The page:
4, 1735, at New York's City Hall. Prosecuting Attorney General Bradley read the information filed against Zenger:."Being a seditious person and a frequent printer and publisher of false news and seditious libel who wickedly and maliciously devised to traduce, scandalize and vilify Governor Cosby and his ministers.".

"Libeling has always been discouraged as a thing that tends to create differences among men, ill blood among the people, and oftentimes great bloodshed between the party libeling and the party libeled.".Hamilton announced his client would not contest the charge -- having truthfully printed and published the allegedly libelous materials.

A stunned Bradley rose and declared: "As Mr. Hamilton has confessed the printing and publishing these libels, I think the Jury must find a verdict for the King. Admission of truth is an aggravation of the crime.

".Hamilton in reply asserted the law ought not to be interpreted to prohibit "the just complaints of a number of men who suffer under a bad administration.".He argued that the libel law of England ? relying on judges to determine both fact and the law -- ought not to be the libel law of New York.His summation has become the cornerstone of a free press:.

"It is natural, it is a privilege, I will go farther, it is a right, which all free men claim ? that they are entitled to complain when they are hurt."They have a right publicly to remonstrate against the abuses of power in the strongest terms -- to put their neighbors upon their guard against the craft or open violence of men in authority."And to assert with courage the sense they have of the blessings of liberty, the value they put upon it, and their resolution at all hazards to preserve it as one of the greatest blessings heaven can bestow."The loss of liberty, to a generous mind, is worse than death.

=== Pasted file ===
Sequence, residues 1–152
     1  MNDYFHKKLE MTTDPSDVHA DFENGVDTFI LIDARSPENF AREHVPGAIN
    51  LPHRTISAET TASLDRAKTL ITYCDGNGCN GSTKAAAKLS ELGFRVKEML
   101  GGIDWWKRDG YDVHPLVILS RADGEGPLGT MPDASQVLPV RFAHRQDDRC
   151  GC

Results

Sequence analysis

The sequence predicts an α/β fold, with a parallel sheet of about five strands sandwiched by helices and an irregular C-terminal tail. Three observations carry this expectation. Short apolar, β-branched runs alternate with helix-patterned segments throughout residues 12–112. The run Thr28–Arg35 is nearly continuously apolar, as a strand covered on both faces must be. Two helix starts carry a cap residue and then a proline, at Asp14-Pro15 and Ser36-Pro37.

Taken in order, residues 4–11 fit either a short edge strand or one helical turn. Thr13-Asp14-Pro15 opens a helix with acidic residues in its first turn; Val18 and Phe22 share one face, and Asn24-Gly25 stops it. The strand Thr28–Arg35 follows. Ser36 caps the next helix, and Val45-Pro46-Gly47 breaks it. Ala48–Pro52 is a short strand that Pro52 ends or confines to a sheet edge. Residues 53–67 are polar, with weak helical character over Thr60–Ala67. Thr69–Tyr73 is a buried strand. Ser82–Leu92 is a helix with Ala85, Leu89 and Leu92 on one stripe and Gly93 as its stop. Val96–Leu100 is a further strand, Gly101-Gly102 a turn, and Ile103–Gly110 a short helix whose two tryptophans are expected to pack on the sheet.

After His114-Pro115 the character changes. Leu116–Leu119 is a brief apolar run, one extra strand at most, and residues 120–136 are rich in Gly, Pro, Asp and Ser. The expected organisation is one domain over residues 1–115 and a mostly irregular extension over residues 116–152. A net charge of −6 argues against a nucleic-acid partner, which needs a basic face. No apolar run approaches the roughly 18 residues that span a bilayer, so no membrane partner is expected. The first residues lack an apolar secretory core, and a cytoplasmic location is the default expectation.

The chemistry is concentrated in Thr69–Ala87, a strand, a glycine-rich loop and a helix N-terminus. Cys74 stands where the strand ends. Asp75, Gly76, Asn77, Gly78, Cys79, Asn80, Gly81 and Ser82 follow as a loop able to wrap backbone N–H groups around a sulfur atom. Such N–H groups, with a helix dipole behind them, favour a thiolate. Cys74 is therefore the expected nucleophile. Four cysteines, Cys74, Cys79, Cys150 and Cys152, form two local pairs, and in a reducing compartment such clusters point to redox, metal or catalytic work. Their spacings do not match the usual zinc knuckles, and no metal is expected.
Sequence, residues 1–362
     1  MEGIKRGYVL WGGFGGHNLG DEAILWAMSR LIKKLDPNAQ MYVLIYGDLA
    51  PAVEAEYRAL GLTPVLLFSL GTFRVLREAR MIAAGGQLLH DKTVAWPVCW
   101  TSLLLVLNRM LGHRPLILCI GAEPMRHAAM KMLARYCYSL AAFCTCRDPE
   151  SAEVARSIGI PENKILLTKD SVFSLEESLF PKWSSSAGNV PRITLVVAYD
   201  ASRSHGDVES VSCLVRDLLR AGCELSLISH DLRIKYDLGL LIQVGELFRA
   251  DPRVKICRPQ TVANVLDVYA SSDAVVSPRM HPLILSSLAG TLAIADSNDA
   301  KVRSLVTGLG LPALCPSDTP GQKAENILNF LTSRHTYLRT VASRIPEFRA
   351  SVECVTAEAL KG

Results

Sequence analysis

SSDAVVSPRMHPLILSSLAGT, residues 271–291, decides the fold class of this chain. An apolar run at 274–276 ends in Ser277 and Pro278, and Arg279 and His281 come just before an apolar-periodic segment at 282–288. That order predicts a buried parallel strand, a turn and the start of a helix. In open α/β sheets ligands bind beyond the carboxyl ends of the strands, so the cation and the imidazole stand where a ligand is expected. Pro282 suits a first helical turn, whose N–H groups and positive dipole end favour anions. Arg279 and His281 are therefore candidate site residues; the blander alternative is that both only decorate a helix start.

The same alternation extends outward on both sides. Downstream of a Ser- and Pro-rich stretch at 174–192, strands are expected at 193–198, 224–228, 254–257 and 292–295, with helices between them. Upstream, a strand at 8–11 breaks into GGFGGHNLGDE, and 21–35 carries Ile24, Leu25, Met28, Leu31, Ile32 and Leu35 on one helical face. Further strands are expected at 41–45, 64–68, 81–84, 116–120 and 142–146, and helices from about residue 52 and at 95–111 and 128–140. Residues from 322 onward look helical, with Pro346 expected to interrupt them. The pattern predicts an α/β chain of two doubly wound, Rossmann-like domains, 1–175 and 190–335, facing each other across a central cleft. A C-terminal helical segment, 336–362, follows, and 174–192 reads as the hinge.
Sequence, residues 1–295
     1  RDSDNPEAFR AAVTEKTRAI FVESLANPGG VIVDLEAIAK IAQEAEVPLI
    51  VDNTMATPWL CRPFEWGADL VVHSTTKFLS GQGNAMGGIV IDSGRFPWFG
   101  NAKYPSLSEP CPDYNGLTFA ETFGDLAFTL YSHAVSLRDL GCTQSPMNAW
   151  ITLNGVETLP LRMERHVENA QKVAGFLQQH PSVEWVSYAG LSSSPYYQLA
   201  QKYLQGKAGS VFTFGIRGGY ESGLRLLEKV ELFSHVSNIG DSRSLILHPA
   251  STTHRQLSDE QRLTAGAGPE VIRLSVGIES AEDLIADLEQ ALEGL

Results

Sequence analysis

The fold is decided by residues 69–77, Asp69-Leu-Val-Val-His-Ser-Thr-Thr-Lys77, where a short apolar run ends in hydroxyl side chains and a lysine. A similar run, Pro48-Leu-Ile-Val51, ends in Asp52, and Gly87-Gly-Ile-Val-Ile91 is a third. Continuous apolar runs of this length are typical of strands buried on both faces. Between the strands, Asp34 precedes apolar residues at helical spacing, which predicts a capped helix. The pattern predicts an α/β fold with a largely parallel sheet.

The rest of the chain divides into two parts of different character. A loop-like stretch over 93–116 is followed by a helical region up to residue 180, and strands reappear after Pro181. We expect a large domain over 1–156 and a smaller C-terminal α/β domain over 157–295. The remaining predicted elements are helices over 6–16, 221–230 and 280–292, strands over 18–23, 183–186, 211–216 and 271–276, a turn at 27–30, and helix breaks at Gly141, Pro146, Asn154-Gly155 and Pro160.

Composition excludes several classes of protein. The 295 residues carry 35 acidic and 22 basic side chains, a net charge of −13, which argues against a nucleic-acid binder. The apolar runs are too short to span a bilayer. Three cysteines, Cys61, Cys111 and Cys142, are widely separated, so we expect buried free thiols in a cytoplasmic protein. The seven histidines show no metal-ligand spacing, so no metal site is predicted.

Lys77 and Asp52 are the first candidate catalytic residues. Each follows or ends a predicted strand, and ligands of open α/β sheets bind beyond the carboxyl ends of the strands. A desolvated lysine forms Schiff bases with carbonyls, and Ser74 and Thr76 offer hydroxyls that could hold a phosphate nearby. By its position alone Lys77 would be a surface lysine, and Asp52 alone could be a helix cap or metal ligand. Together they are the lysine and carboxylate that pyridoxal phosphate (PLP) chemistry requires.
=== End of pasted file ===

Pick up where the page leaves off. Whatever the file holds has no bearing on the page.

And yet we know that there have been those in all ages who for the sake of preferment, or some imaginary honor, have freely lent a helping hand to oppress -- nay to destroy -- their country."The question before the Court, and you Gentlemen of the jury, is not of small or private concern. It is not the cause of one poor printer, nor of New York alone, which you are now trying."No! It may in its consequence affect every free man that lives under a British government on the main of America. It is the best cause. It is the cause of liberty.

".The jury withdrew and quickly rendered a verdict of Not Guilty "to huzzahs by the audience.".

Anti-administration supporters hosted a congratulatory dinner for Hamilton at the Black Horse Tavern; and when he left the next day for Philadelphia, "a grand salute of cannon was fired in his honor.".John Zenger was appointed "public printer" for New York and New Jersey.Prof. Linder concludes: "The trial of Zenger was the germ of American freedom, the Morning Star of that liberty which subsequently revolutionized America.".

Press Freedom Today.For your writer's opinion of press freedom and responsibilities today ? including all media ? turn to my other column on the editorial pages.

.Lindsey Williams is a Sun columnist who can be contacted http://www.

By: Lindsey Williams